Austal eyes 3rd PH facility to assemble navy vessels
Australian defense shipbuilder Austal Ltd. is studying a third facility in the Philippines that will serve as a military vessel assembly plant with an investment of P1 billion to P1.5 billion.
Austal chief executive David Singleton said there were plans for a third facility possibly by 2020 as the global demand for naval vessels increased in the past year.
“What we would like to do is start the production line with work for the Philippine Navy and look for exports to other countries from the Philippines. We build military ships in Australia and export them as well. We’re more for the exports to other countries,” Singleton said.
He said the contract with the Philippine Coastguard for the procurement of offshore patrol vessels would be a good jumpstart for the facility, while building the capacity to develop more military vessels.
The company announced earlier the Defense Department’s proposal to procure six OPVs that would cost the government P30 billion.
The procurement would not go through the usual bidding process and would instead be pursued under a government-to-government agreement to ensure that the Philippines would get the boats if and when the need arises.
The first boat is expected to be delivered two years after the agreement is signed.
“There is a tender underwire at the moment and we’re responding to that tender. Maybe there are some discussions between governments, but we’re no party to those discussions,” Singleton said.
The OPVs would be the Philippines’ first military vessel order. Austal previously fulfilled orders for two ferries by 2Go Group Inc.
Singleton said the planned assembly plant in its facility in Balamban, Cebu would have the capability to build small and medium-sized seacrafts of roughly 100 meters in length like corvettes, high-speed small and medium aluminum vessels and OPVs.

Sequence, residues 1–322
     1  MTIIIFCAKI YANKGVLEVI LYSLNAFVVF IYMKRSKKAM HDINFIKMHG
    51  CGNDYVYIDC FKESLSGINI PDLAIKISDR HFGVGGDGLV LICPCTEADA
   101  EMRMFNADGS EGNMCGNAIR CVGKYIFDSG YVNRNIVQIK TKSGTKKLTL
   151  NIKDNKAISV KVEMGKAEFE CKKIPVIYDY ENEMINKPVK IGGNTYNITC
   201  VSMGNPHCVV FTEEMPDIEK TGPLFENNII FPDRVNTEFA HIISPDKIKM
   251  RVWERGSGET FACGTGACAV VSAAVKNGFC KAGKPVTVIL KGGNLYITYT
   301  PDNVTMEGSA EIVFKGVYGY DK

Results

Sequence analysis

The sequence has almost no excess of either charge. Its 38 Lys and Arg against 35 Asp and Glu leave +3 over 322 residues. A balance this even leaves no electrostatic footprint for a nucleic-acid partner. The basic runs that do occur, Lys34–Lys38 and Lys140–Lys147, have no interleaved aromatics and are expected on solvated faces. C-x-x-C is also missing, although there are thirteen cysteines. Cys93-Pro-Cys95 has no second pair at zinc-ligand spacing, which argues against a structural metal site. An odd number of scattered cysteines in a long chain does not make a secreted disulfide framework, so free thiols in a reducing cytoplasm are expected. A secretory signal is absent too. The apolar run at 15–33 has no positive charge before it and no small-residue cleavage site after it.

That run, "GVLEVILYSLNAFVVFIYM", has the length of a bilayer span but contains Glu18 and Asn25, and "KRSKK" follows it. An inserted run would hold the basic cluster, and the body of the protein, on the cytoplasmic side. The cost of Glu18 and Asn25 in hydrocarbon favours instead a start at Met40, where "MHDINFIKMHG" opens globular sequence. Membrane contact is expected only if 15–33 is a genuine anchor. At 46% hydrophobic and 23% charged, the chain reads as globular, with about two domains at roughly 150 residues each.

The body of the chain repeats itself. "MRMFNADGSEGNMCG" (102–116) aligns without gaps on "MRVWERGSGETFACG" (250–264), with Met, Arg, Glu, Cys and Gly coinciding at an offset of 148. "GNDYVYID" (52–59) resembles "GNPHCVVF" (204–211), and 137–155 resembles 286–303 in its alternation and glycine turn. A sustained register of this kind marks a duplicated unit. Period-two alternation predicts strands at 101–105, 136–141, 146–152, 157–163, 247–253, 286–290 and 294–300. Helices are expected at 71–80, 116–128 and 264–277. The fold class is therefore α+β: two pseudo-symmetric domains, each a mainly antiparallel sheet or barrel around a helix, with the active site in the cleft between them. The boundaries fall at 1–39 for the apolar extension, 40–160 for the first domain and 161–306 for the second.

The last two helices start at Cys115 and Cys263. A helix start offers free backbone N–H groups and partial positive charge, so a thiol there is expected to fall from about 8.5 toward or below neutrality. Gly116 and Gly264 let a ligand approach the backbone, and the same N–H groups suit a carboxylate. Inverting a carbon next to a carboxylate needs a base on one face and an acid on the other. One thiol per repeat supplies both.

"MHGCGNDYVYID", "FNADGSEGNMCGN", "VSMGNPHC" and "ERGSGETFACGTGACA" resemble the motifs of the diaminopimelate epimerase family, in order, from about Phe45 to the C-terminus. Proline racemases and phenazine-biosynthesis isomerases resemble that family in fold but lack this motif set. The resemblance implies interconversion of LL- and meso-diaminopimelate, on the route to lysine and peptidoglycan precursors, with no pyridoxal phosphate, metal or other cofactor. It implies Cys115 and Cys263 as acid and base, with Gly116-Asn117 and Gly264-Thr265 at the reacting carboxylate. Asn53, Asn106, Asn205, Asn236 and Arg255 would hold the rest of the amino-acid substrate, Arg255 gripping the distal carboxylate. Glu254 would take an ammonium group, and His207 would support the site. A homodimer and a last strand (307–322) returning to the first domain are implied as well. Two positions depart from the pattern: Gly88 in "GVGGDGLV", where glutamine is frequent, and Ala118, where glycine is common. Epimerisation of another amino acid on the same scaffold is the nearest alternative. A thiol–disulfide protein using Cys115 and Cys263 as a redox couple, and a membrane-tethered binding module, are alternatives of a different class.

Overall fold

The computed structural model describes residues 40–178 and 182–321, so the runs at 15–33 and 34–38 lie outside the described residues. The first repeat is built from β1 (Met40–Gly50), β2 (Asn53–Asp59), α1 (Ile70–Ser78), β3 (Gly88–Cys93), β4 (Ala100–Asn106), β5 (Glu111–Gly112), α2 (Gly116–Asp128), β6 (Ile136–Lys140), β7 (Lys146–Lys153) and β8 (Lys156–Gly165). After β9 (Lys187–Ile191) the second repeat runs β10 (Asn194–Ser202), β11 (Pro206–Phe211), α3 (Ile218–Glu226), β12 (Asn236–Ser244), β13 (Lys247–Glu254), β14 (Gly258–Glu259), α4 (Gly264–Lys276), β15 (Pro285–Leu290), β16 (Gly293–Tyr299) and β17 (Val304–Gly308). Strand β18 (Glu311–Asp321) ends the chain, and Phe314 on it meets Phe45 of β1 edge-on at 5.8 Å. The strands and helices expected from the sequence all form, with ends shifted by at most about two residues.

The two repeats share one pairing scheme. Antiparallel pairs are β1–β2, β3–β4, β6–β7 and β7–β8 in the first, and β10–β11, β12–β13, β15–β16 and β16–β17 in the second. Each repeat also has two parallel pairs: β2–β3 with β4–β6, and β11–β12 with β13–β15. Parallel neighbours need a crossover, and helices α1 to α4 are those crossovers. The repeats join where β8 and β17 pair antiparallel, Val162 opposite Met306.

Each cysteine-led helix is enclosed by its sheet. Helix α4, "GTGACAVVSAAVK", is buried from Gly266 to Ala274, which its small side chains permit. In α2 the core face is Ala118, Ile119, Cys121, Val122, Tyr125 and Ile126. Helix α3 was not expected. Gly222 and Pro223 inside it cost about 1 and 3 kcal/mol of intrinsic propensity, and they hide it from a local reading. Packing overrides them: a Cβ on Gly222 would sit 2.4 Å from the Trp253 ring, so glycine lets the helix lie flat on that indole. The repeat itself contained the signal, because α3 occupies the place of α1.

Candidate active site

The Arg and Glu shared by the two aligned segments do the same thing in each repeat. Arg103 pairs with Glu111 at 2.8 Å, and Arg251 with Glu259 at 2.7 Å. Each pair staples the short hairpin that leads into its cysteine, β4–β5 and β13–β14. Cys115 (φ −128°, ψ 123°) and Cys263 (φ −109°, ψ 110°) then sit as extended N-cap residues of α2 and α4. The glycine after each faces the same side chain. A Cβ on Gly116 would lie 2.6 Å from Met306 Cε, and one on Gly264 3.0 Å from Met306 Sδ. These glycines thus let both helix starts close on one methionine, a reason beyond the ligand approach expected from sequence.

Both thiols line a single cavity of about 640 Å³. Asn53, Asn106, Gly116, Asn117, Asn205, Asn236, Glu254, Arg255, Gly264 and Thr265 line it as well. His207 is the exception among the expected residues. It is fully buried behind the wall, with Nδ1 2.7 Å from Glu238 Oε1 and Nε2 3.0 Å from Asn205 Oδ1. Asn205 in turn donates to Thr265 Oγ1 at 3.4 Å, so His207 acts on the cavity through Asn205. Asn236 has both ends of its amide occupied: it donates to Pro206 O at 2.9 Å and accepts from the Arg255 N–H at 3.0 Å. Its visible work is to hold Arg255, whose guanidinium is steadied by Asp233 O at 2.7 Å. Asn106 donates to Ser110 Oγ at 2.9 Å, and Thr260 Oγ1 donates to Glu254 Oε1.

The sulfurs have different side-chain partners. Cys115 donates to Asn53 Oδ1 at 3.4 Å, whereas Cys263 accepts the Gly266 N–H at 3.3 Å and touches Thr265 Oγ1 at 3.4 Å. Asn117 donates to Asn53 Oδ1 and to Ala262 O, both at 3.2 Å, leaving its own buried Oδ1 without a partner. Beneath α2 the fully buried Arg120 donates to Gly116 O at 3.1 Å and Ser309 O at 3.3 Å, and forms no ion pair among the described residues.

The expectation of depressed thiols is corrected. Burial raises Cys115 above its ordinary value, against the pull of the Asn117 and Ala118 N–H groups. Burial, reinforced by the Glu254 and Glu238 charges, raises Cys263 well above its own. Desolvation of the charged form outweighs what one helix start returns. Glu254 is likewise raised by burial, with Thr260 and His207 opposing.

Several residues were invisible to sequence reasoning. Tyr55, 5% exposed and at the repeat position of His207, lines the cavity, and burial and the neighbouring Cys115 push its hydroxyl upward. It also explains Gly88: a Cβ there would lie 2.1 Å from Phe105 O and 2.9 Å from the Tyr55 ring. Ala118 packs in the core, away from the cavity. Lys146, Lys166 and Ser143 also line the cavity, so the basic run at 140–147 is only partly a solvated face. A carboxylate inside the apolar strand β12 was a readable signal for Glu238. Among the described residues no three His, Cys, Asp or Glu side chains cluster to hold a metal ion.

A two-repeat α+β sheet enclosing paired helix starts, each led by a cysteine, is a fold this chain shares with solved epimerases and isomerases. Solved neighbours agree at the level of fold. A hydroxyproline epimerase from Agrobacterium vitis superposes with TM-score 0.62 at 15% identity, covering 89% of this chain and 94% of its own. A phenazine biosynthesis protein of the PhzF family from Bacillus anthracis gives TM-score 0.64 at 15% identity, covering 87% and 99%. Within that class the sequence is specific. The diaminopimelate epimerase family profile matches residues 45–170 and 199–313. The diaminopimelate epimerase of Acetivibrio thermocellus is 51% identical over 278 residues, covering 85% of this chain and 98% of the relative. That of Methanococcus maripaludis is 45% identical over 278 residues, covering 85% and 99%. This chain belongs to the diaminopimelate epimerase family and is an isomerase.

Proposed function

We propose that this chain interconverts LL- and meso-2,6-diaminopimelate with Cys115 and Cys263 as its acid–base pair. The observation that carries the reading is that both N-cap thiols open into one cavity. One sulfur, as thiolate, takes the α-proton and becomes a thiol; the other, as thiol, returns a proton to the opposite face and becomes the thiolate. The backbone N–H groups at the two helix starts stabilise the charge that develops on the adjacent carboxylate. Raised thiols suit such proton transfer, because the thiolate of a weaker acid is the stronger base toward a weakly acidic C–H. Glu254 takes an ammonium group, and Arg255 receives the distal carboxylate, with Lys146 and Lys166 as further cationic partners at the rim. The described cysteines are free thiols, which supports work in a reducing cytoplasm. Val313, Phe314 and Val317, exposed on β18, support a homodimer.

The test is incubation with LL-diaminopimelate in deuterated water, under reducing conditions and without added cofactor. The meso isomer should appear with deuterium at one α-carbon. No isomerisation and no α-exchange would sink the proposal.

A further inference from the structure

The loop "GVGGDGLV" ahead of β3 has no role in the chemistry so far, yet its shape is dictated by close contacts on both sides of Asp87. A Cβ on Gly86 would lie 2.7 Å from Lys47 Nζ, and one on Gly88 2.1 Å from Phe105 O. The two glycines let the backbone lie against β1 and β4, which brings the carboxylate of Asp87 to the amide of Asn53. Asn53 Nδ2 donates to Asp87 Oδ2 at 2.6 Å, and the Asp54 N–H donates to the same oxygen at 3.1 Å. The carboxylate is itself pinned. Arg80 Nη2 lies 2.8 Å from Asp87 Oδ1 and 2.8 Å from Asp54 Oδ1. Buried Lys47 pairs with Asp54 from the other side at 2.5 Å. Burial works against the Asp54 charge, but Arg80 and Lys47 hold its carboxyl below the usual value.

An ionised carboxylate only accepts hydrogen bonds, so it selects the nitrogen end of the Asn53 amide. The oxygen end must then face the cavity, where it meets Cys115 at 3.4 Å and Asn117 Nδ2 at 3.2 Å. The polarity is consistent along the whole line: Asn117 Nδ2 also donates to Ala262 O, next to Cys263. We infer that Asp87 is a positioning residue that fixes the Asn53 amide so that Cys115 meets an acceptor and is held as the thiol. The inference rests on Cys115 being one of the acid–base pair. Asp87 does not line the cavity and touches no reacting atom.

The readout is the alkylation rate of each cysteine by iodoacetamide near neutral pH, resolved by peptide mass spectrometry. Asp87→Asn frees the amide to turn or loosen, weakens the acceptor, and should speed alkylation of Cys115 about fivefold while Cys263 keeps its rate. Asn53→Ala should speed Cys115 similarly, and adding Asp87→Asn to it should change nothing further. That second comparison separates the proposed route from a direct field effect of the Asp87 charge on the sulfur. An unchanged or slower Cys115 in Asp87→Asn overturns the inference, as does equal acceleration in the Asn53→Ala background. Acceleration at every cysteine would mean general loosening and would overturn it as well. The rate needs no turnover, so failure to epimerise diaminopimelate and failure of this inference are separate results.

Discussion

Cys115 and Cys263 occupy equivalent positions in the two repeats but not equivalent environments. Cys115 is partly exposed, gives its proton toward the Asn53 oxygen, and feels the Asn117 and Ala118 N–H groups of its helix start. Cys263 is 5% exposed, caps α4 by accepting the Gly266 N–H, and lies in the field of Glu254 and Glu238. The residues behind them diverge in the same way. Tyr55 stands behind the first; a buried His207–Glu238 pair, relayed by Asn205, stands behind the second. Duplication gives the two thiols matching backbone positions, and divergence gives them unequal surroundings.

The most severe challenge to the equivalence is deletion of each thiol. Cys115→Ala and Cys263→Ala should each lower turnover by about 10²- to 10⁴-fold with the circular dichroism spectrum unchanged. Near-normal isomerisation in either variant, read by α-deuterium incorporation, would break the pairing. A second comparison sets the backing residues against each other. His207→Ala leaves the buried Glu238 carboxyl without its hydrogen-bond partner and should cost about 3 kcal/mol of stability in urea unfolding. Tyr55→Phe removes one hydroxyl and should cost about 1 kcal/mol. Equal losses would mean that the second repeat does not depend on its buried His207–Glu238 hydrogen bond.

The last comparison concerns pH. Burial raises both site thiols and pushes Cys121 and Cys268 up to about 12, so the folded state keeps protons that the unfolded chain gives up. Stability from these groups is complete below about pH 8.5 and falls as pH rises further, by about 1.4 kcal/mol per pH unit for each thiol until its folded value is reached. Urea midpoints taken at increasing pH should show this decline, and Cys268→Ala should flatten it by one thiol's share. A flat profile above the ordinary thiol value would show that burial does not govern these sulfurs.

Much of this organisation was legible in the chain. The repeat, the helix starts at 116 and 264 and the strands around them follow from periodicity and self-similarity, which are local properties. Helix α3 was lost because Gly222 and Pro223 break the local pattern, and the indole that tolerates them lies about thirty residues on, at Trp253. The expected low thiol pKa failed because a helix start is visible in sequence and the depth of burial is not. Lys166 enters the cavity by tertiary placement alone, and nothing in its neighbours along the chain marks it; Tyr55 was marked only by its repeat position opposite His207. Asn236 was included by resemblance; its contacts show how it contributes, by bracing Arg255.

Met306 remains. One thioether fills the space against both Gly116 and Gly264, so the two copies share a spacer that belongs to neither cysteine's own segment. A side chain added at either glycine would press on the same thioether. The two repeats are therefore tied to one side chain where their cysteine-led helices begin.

The Cebu facility, operated by Austal Philippines, is the second single biggest facility of Austal after the one in the US.
The US facility has an annual production capacity of $1 billion worth of vessels, while the two existing facilities in the Philippines have a combined output of $150 million which in unit terms could be just one big ship or three small to medium-sized vessels.
The shipyard in Australia is smaller with a capacity of $100 million but is bigger than the Vietnam and China plants.
Singleton said Austal Philippines would push for the construction of the third facility with or without the contract with the Philippine Coastguard.
The mother shipyard is building more military vessels for the US which comprise about 75 percent of its total military defense vessel output.
“We build $1 billion for the US and another $1 billion in the rest of the other organization.
About 75 percent of our production is [for the] military. Sometimes the ratio changes, but that 75 percent is dominated by the US,” Singleton said.